There's a reason most reviewers are giving this book such high ratings. This book was so beautifully written, and so wonderfully narrated, it certainly ranks as one of my top five audio books. This book makes me marvel at the talent that some people have for writing.
I did not want to stop listening to this book for one minute. When it was over I cried simply because it was over. I could go on and on about every wonderful aspect of this book. But in the end, I need only say that this is one to listen to and one to remember.
When I think of Liesel saying the word "Papa"' I still feel a flood of emotions.
Married mother of three teenagers, back to work after 15 years at home - when I read a lot. Now I am the assistant to the Mayor of Omaha and work at least 60 hours a week, and on top of what I have to do at home - no more books. This lets me listen to the classics, the latest, whatever I want. I can learn or escape. I have always love audio books, but now I NEED them.
I love WWII history and historical fiction, whether in books or movies because there is just SO MUCH emotional material to work with. This is no exception. This is not an extraordinary tale of heroics, or a romantic tidal wave, or even a great exploration of the war. It is the story of one girl, her family, friends, and experiences as told by the most present character of the era...Death. The Grim Reaper is our narrator, and all is told through his view. No spoilers, for there are times when you will gasp in surprise - for good and for bad. This is worth your time and credit.
Not really.Perhaps a bit more clarity at times. I had to backtracked to make sure the image in my head was the same was what was found in the text.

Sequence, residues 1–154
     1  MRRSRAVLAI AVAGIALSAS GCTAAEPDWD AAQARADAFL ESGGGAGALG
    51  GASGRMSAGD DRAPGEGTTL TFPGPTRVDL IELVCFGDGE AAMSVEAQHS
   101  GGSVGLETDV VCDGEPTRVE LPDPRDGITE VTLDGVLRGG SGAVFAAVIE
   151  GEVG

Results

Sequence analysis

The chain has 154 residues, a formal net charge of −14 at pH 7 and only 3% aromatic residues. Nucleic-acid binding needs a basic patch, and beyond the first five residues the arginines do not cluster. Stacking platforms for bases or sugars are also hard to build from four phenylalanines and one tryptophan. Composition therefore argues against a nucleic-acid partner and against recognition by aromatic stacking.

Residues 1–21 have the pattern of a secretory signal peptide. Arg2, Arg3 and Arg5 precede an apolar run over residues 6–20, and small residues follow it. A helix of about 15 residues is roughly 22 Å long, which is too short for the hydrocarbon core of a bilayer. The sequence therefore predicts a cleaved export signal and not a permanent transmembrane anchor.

No, but he was outstanding in this performance.
No. Perhaps a prequel. Perhaps the same story from another perspective. Not that I didn't like the idea as Death as the narrator, just that perhaps I'd like to hear the story from another's point of view too. A contrast would be interesting.
I have been an avid Audible listener since the company started. I long ago lost track of my number of listens. Some have been dismal,some just OK and many excellent and entertaining. I must say this one goes beyond my expectations! I owned it for several years and just did not get into listening. Then recently I started to listen again and was thrilled. This book made me laugh and cry and really care about the characters. The narration is more than awesome. Give yourself an hour of time into this and you will be so pleased!
loves books. writes music. writes stories. loves movies, and talks aloud to his dog.
well written and full of great quotes - "There's only one thing worse than a boy who hates a girl...A boy who loves a girl" Read by Allan Corduner in a most playful, dramatic, and entertaining tone the listener will not be disappointed. This Markus Zusak can write.... This reviewer only wishes for more.